Southeast Nebraska schools have integrated a new program to help students and faculty improve their mental health.
Educational Service Unit 5 piloted a mental health program which now serves 10 school districts in Gage, Jefferson and Thayer counties. The program provides one-on-one meetings with students, family therapy in crisis situations, suicide risk assessments, providing training to staff, assemblies discussing mental health topics, and discussions with staff and outpatient clinics.
Jennifer McNally, a mental health program coordinator and psychotherapist at five of the school districts, said the program started during the 2017-2018 school year.
“Dr. Brenda McNiff, who is our administrator for the ESU, reached out and talked to superintendents and districts about things that they were interested in having in their schools and programs,” McNally said. “One of the key things that was brought up in those conversations was having a mental health program to support kids with some mental health needs within the school.”
McNally explained that she would visit with each school district once a week, and by the end of the year the schools were wanting an additional day, and two more schools were wanting to join the program.
“There will be four clinicians [hired] within a two year span, which is really pretty powerful, and I think pretty telling of how much this program has really become a valuable asset for school systems,” McNally said.
Official said the program is something that's needed in schools.
“I believe the program’s been something that has been needed for a while now,” Matthew Uher, the secondary principal and activities director at Tri County Public Schools, said. “Really, we could probably go three or four days a week. What I’ve seen happen is not only the impact it’s had on kids, but also adults. To provide support that kids and adults don’t have normally on an everyday school basis.”
McNally said that’s the goal.
“When ESUs reach out and ask us what are we doing here that’s different, I think my answer is always consistently ‘we really look at wellness for all,’” McNally said.
Jesse Gronemeyer, the Tri-County elementary principal, said that the program has helped students come to school feeling better about themselves.
“And when you feel better about yourself, you’re going to learn at a much higher rate,” Gronemeyer said.
“Here in the building is where the kids feel the most comfortable,” Randy Schlueter, Tri-County’s superintendent, said. “So we bring in somebody to meet them here where they feel comfortable, and they’re far more willing to really open up to somebody about what’s taking place in their life that’s affecting them.”
McNally explained that she most often handles students who are stressed and don’t know how to express or manage it.
“Not just academic stress, it’s social and emotional stress,” McNally said, “and who can [they] talk to in the building who is not your teacher or your friends? Sometimes you just need that outside person to just hear you, validate that you’re going to be ok, and maybe some strategies to help with that then touch base throughout the day.
“We know through the Adverse Childhood Experiences study that was done through the CDC, that the risk factors for kids ages zero to 18 can really influence their adulthood with more absences from work, higher uses of drugs, higher suicide ideations. But we can focus in and we know those risk factors when they’re in our care, and involve them and their caregiver within that process, to build that trauma narrative so they can move forward.”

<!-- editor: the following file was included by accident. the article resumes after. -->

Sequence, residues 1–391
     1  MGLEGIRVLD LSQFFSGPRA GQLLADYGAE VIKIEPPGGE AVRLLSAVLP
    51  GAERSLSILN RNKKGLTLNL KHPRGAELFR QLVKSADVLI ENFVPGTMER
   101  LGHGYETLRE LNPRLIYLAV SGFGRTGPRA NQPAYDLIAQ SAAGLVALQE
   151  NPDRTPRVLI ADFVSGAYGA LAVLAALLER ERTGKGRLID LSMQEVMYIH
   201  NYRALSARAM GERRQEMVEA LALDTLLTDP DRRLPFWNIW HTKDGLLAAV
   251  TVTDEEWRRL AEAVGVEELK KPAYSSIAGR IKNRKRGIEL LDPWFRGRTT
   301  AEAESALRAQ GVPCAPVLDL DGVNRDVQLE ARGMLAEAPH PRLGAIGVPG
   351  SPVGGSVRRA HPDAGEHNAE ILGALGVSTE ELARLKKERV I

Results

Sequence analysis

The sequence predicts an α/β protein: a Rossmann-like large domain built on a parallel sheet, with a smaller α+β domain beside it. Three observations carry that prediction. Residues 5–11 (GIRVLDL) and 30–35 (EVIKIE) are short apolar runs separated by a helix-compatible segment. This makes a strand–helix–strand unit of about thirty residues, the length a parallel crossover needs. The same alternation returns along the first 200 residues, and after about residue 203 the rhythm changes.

McNally said that each school has a universal mental health referral form that anyone in the building can use if they or someone they know need to speak to the clinicians. She said she gets parents involved if a student needs more complex care. They usually meet with high school students for 20-25 minutes, and elementary students for 10-20 minutes before returning them to class.
“We aren’t going to take kids out of the classroom for an hour at a time, because those academics are just as valuable. We need to have that,” McNally said. “In crisis situations, we will obviously do whatever we need to do, because kids aren’t ready to learn when they are in crisis.”
Jamie Mapp, a school psychologist and mental health clinician with ESU 5 explained that they don’t meet with students regularly throughout the school year.
“If they need it, we do,’ Mapp said. “We can do short-term, we can increase our frequency. That’s also a benefit of providing services in this school. If there’s a kid I need to see twice a week, I can access them twice a week. It’s already here and it’s in their natural context.”
McNally explained that as summer approaches, they are intentionally meeting with students less.
“From April to May, they have all these different coping skills, problem solving skills, their teachers have a full-scale of awareness for a child, let’s see what they can do a little bit on their own,” McNally said. “Sometimes they do a really excellent job, and sometimes we know that they need additional support. So if we need to look at an extended school year for kids, if we feel like they’re going to regress to the point that it would be really detrimental, that’s a conversation that absolutely we would have.”
McNally said the amount of growth and support the program has received in its two years of operation has been validating.
“I’m just really honored and humbled by all of the outpouring of support that we continually get from within the school and our community patrons and schoolboard members,” McNally said. “It’s beyond what I would’ve anticipated when we started out, so that’s just been so rewarding.